Jun 5 – 10, 2016
Padova, Italy
Europe/Rome timezone

Integration of a real-time node for magnetic perturbations signal analysis in the distributed digital control system of the TCV tokamak

Jun 10, 2016, 10:30 AM
Centro Congressi (Padova)

Centro Congressi


Poster presentation Control, Monitoring,Test and Real Time Diagnostics Systems Poster Session 2


Cristian Galperti (EPFL - SPC Lausanne)


The analysis of fast magnetic signals measured by magnetic probes installed on a tokamak vessel has been widely employed to detect and analyse a number of plasma instabilities, notably rotating tearing modes. The high frequency components of the measured signals contain information directly related to rapid changes in the plasma, for instance those generated by tearing mode magnetic islands rotating in the torus. Off-line analysis of these signals includes powerful mathematical tools such as spectrograms, principal component analysis and amplitude-phase fitting algorithms. This provides copious information on magnetic islands topology, sizes and evolution. In this paper we describe an integration of these techniques into the TCV digital real time control system to execute advanced magnetic analysis codes during the tokamak discharge with the final goal of providing plasma health status information to decision making algorithms that can initiate actuator actions. Severe design constraints, posed by TCV's real-time environment, had to be addressed. TCV employs a distributed real time control system capable of controlling the entire plant during a discharge, consisting of commercial PCs interconnected with a self controlled high speed fiber optic digital link. Each node of the plant can house ADC and DAC boards that interact with the plant (figure 1). The goal of this paper is to integrate a new real-time magnetic coils analysis node in this system. Main technical requirements are: 1. Simultaneous sampling of at least 32 magnetic signals at frequencies above 200 ksps. 2. Sufficient CPU time to execute a complex algorithm on the input data stream, possibly requiring multi processing capability. 3. Data interface to other nodes in the legacy control system at the speeds of the legacy system, currently 0.5-10 ksps. 4. Analysis algorithm developed in Matlab/Simulink and automatically uploaded to the analysis node, compatible with the software architecture in figure 2. We adopted a packet acquisition-processing scheme where the ADCs have a double buffered data path allowing the CPUs to operate on each data packet as described in (figure 3). The acquisition hardware employs an ADC subsystem with a D-TACQ ACQ196 board augmented with a RTM-T rear transition module. This module provides a high speed PCI-Express 1x link with the host PC, with a recent, high-end, motherboard equipped with an Intel i7-5960X 8-core 3GHz processor. The kernel is Scientific Linux 6.6 specially configured for user-mode RT capabilities with dedicated hardware interface code. The analysis algorithms are developed in Matlab/Simulink and deployed on the node in the shot preparation phase of a TCV pulse as already performed for the other nodes of the real time control system. The interface to other nodes on the control system was made identical to the legacy control system nodes. This paper describes the first application of the calculation node, an on-line evaluation of rotating mode numbers with identification of the topology of a rotating tearing mode through an on-line singular value decomposition technique.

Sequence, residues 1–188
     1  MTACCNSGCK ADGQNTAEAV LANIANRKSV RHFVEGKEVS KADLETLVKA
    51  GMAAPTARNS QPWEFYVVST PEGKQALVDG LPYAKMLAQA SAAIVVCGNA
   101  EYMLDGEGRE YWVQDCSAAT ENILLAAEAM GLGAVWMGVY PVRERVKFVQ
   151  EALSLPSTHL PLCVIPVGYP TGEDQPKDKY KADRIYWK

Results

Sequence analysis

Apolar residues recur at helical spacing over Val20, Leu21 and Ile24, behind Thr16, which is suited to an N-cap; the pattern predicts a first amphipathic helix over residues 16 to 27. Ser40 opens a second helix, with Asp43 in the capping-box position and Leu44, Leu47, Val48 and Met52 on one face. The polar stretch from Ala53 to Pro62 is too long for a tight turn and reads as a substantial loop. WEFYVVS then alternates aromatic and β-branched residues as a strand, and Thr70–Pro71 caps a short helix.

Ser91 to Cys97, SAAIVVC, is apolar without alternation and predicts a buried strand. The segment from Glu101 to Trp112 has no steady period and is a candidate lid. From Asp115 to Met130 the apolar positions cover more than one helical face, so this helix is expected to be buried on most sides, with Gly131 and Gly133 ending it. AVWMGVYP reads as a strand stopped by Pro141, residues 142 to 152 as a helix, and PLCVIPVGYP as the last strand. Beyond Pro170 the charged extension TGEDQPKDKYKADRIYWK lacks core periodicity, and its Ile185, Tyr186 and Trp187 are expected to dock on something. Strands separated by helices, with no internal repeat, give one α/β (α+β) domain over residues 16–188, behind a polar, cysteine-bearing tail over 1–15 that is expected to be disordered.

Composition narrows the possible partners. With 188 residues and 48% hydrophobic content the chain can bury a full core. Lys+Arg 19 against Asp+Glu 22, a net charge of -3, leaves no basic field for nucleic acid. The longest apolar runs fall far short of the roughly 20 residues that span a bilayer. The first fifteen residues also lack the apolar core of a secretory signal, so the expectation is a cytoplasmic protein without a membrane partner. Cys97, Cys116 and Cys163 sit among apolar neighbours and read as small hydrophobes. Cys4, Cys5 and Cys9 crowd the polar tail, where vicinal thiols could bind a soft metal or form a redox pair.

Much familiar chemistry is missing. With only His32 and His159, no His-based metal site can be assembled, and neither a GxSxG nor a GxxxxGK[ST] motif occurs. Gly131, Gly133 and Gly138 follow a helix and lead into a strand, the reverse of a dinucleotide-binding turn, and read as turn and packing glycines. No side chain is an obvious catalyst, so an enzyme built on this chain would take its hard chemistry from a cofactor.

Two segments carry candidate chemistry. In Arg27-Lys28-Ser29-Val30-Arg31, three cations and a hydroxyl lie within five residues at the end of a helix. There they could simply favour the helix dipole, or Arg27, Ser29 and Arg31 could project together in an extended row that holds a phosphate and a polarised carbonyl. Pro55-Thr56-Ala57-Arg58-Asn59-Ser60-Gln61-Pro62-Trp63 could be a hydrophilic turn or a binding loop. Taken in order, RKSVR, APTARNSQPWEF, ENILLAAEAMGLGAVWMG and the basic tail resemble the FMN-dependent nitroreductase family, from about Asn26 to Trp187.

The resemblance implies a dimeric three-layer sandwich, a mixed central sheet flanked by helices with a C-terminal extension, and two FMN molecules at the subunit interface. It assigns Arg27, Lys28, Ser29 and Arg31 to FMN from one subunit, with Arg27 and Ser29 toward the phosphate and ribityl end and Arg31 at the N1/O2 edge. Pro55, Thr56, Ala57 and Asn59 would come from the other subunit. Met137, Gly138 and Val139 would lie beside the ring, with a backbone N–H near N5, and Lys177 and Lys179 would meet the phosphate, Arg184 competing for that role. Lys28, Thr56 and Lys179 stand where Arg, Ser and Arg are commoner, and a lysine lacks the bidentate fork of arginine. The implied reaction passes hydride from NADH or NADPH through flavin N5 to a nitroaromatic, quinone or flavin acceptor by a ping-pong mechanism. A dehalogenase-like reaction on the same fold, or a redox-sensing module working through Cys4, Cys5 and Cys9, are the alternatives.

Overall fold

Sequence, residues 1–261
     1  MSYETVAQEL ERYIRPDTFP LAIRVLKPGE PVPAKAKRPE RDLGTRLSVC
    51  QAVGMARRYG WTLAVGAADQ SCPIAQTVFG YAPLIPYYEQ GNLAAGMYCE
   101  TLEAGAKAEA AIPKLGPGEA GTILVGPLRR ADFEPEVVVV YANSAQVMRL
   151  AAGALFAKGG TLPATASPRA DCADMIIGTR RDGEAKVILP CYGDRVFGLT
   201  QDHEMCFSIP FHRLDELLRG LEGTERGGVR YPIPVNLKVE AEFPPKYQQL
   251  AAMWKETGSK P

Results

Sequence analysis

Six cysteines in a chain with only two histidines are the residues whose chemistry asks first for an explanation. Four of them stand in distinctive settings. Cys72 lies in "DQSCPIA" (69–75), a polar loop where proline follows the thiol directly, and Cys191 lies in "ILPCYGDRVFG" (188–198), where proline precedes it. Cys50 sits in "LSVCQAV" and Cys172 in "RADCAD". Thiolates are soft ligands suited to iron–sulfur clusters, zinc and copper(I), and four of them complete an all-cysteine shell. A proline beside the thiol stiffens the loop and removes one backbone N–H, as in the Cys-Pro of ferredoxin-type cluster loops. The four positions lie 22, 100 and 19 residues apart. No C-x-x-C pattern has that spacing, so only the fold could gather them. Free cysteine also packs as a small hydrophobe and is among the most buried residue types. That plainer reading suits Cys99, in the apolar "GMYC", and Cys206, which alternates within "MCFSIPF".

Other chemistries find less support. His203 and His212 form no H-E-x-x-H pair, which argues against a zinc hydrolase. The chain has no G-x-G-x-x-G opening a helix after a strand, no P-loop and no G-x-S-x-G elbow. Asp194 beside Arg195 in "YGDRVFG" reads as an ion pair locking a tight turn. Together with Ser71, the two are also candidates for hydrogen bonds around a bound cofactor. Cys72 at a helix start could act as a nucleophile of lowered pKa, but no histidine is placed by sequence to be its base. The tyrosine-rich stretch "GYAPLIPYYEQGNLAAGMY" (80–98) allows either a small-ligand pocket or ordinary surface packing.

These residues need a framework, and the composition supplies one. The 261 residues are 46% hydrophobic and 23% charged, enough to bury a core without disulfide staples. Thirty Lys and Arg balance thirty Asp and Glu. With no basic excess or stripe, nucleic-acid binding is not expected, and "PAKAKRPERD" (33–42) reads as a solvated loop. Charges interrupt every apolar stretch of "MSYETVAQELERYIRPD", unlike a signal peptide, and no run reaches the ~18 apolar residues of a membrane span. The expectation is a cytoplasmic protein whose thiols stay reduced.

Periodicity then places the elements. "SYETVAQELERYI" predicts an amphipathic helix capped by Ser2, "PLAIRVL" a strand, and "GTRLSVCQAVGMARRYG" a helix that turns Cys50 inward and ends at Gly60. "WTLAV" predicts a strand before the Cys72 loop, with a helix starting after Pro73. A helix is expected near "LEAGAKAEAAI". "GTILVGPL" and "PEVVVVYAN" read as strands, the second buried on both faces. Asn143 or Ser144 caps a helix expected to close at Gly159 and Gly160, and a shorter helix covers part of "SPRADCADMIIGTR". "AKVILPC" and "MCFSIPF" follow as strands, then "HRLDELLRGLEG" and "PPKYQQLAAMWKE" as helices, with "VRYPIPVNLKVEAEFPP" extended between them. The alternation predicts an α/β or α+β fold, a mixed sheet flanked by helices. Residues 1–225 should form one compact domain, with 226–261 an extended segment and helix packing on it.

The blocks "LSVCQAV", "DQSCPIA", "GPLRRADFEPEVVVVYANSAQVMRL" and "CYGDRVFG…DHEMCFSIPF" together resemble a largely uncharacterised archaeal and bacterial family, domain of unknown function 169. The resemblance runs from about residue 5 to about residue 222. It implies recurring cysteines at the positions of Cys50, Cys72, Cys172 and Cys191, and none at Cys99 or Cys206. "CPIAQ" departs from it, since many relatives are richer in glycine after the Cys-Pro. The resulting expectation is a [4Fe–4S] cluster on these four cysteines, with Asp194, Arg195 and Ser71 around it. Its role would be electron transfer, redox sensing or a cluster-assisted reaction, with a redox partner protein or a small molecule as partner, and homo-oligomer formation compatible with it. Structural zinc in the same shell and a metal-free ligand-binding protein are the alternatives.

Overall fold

Primary author

Cristian Galperti (EPFL - SPC Lausanne)


Duccio Testa (EPFL/SPC) Jean-Marc Moret (EPFL/SPC) Olivier Sauter (EPFL/SPC) Peter Milne (D-TACQ Solutions Ltd.) Stefano Coda (EPFL/SPC) Xavier Llobet (EPFL/SPC) basil Duval (EPFL/CRPP)

Presentation materials